Zephyranthes atamasca

Common name: Atamasco Lily Family: Amaryllidaceae
Author: (L.)Herb. Botanical references: 43, 200
Synonyms: Amaryllis atamasca (L.)
Known Hazards: The bulb contains toxic compounds62. Horses are said to get the staggers (a cerebrospinal disease) from eating the leaves and bulbs207.
Range: Southern N. America – Missouri and Virginia to Florida.
Habitat: Damp woods43.
Edibility Rating (1-5): 1 Medicinal Rating (1-5): 0
Other Possible Synonyms: From various places across the web, may not be correct. See below.
Atamosco atamascaB,P Z. atamasca var. atamascaB,P Z. atamascoE,HORTIPLEX,L
Other Common Names: From various places around the Web, may not be correct. See below.
Atamasco Lily P,L, Atamasco-lily B, Rainlily E,
Epithets: From a Dictionary of Botanical Epithets
mas = male, robust;
Other Range Info: From the Ethnobotany Database

Physical Characteristics

Bulb growing to 0.3m by 0.1m . It is hardy to zone 8. It is in flower from May to July, and the seeds ripen from April to June. The flowers are hermaphrodite (have both male and female organs) and are pollinated by Insects. We rate it 1/5 for edibility and 0/5 for medicinal use.

The plant prefers light (sandy), medium (loamy) and heavy (clay) soils and requires well-drained soil. The plant prefers acid, neutral and basic (alkaline) soils. It cannot grow in the shade. It requires moist soil.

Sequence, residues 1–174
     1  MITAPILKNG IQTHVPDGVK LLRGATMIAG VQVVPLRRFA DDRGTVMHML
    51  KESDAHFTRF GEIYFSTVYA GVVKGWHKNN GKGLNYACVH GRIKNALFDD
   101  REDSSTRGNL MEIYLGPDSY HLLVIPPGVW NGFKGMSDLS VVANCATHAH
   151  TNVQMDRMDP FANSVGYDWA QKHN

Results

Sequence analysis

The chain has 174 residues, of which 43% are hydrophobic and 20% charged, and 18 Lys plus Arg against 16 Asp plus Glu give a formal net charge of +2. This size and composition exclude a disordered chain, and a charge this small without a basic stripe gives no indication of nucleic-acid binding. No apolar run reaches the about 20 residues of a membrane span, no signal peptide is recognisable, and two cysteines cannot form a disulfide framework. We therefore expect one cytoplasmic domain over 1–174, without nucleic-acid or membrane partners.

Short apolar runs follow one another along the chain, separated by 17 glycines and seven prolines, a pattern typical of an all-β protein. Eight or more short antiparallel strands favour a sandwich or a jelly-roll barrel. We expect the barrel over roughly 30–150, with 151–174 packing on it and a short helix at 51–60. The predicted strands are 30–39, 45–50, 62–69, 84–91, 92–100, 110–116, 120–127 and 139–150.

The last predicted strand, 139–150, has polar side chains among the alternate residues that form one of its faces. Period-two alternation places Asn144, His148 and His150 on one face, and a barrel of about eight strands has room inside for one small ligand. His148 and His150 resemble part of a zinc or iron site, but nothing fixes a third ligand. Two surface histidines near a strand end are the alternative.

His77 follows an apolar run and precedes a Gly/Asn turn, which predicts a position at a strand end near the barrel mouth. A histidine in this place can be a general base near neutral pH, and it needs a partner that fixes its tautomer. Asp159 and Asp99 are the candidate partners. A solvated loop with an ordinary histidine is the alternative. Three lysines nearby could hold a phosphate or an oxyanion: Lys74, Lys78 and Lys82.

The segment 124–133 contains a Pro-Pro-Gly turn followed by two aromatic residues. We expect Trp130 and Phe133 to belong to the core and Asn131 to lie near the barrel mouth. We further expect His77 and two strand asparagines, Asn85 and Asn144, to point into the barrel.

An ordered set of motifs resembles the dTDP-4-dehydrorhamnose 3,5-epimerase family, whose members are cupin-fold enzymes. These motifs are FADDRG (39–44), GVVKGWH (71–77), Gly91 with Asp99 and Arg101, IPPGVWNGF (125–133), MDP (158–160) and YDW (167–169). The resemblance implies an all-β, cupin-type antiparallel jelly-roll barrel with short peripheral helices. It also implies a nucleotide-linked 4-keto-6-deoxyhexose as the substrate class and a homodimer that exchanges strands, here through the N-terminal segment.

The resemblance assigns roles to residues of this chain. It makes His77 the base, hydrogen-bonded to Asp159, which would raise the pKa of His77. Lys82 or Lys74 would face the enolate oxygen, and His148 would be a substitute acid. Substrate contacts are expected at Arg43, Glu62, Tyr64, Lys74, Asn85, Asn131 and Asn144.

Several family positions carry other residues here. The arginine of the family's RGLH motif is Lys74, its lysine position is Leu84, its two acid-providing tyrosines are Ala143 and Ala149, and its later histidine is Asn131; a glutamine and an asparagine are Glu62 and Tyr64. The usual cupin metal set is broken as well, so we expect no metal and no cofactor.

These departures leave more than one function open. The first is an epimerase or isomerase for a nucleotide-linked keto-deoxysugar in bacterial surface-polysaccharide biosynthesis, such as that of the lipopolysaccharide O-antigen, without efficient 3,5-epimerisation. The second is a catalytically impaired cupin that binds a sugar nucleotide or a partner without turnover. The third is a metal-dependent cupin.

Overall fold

Habitats and Possible Locations

Cultivated Beds, By Walls, By South Wall, By East Wall.

Edible Uses


Bulb – cooked

2, 22, 46, 61. It is used as an emergency food when better foods are in short supply61, 161. The bulb is up to 3cm long235. Caution is advised, see the notes above on toxicity.

Medicinal Uses

None known

Other Uses

None known

Cultivation details

Requires a position in full sun when grown outdoors in Britain and a well-drained moisture retentive soil1, 42, 200. It strongly dislikes excessive wet, especially in the winter200. Plants require a definite dry resting period in late summer, if they receive water at this time they are excited into growth and can then be killed in cold weather120. A very ornamental plant1, it is hardy to about -5°c and can succeed outdoors in the milder areas of Britain200. However, because it is in growth during the winter, it is generally best grown in a cold greenhouse or special bulb frameK. Bulbs should be planted about 10cm deep200.


Seed – sow spring in a greenhouse. Sow the seed thinly so that the seedlings can be left undisturbed in the pot for their first year of growth. Give them an occasional liquid feed in the growing season to ensure they do not become nutrient deficient. When the plants become dormant in the summer, pot up the small bulbs placing 2 – 3 bulbs in each pot. Grow them on for another one or two years in the greenhouse before planting them out when they are dormant in late summer. Division of offsets after the plant dies down in late spring or early summer. Larger bulbs can be planted out direct into their permanent positions whilst it is best to pot up the smaller bulbs and grow them on in the greenhouse for a year before planting them out.